This review reflects on an exhibition by British sculptor Thomas Houseago entitled ‘Where the Wild Things Are’. It was on display at the Sainsbury Centre for Visual Arts between July 2011 and January 2012. I explore the myriad influences that inspire Houseago’s dense sculptures and find their traces describing a singular view of art history and a reflection on the nature of memory, monument and figuration.
Here I review Ethan Cook’s small exhibition at Rod Barton in London, entitled ‘lobstee’. The exhibition consisted of two pieces – a woven ‘painting’ and a Judd-esque wooden sculpture opposite. I argue that the whole thing is pleasingly coherent as a self-contained minimalist doctrine, that is very careful with the relationship between media, image and context.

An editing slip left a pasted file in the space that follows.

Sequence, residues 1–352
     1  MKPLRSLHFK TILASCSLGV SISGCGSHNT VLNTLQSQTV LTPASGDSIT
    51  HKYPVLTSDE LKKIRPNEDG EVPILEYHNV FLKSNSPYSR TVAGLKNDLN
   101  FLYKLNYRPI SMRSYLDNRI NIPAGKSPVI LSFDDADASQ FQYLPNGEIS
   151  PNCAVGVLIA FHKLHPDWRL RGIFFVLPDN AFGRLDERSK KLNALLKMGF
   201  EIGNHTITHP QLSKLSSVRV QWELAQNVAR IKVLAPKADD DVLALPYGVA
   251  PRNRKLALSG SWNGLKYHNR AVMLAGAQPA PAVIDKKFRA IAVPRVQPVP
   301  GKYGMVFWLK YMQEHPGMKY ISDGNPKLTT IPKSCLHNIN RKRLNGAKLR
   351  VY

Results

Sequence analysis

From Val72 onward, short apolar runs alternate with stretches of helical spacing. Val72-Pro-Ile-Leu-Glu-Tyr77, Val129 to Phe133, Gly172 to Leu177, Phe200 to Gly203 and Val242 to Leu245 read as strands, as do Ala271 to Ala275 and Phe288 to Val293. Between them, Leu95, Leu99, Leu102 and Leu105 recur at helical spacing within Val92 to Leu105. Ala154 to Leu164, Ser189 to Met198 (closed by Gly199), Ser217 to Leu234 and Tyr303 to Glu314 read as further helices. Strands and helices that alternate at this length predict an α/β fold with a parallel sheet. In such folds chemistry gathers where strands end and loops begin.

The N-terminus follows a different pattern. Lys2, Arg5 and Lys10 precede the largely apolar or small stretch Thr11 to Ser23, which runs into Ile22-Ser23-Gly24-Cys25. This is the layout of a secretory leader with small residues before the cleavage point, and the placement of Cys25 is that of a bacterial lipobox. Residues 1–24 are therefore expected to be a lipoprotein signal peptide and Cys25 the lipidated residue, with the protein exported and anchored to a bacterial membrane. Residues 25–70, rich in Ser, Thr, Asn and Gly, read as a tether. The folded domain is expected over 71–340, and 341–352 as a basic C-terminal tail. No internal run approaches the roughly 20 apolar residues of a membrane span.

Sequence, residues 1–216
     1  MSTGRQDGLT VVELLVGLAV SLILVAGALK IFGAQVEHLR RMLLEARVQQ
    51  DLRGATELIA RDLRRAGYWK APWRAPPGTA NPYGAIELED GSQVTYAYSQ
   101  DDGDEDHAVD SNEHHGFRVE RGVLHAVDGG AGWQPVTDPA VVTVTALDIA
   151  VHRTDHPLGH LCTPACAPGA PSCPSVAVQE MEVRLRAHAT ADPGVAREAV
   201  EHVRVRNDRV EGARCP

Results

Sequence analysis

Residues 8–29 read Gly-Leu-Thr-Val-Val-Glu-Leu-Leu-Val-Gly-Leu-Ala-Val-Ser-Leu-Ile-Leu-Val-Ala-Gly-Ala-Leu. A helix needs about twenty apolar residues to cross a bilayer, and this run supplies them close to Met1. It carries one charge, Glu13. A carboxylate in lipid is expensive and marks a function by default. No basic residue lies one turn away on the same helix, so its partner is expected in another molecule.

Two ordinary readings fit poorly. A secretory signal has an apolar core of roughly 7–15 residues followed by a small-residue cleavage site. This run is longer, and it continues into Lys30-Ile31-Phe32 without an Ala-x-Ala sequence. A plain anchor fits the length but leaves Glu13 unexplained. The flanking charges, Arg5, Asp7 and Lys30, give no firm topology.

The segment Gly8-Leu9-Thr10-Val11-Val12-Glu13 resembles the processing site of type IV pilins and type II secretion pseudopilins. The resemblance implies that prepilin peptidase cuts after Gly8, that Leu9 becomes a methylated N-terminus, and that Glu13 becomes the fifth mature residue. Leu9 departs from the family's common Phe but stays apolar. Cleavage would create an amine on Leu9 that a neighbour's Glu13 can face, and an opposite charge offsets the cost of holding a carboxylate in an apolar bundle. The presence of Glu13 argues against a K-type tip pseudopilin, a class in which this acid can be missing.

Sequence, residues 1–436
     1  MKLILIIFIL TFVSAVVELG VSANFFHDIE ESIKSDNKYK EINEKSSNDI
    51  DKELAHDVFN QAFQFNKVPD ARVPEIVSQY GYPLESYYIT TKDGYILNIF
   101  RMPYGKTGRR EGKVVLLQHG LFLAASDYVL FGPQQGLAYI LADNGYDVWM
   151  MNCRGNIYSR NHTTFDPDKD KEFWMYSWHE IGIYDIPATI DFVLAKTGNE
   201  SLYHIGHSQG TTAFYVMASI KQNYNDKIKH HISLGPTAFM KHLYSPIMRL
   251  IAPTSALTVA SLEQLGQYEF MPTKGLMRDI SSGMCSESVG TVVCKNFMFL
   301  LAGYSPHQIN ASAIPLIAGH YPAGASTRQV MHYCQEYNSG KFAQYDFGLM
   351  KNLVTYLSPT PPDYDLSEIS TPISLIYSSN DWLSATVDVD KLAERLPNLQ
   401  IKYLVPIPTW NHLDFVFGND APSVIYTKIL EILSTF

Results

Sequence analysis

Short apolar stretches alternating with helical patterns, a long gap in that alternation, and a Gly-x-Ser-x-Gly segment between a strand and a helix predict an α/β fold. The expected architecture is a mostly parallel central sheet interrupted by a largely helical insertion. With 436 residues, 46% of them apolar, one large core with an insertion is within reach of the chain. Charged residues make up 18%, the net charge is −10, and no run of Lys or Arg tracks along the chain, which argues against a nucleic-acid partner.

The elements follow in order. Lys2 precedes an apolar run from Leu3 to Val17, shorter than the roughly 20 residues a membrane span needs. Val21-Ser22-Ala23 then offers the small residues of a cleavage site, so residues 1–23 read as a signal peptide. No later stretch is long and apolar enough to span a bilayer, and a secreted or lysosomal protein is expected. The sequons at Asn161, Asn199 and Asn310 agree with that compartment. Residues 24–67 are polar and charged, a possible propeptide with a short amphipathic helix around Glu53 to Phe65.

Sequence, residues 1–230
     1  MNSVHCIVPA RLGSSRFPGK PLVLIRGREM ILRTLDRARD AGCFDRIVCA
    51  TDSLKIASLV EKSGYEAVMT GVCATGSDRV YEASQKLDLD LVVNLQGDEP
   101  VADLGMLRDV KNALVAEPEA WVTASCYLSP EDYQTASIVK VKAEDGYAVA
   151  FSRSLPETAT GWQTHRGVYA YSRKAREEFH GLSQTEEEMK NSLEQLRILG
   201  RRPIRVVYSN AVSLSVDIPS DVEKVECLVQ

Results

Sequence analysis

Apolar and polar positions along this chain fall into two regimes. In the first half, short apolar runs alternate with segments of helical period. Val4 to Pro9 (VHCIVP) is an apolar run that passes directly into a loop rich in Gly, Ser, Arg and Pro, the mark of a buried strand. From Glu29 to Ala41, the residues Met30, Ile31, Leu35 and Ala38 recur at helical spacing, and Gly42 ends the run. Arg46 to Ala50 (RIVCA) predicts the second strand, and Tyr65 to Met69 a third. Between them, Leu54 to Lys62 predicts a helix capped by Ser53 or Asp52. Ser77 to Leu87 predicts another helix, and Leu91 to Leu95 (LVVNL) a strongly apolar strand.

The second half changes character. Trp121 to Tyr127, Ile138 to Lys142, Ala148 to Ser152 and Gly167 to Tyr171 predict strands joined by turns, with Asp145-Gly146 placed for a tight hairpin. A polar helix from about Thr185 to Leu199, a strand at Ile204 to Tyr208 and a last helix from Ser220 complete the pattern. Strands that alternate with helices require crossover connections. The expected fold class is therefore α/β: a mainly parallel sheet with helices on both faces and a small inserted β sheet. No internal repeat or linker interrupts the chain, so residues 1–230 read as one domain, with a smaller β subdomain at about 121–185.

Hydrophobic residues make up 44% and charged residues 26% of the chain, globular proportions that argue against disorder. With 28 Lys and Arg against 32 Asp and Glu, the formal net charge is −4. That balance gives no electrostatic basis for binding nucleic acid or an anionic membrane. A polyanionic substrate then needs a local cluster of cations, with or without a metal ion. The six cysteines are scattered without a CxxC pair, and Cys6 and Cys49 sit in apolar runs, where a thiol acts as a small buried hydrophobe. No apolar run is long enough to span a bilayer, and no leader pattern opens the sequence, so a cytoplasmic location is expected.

In the summer of 2012, video artist Bill Viola showed a series of works throughout Norwich as part of the Norfolk & Norwich Festival. The works touched on a wide range of themes, but all were shown in hidden, subterranean locations across the city. I wrote a small review highlighting the use of the temporal dimension in Viola’s work, specifically in comparison to the traditional suggestive temporality in Renaissance painting.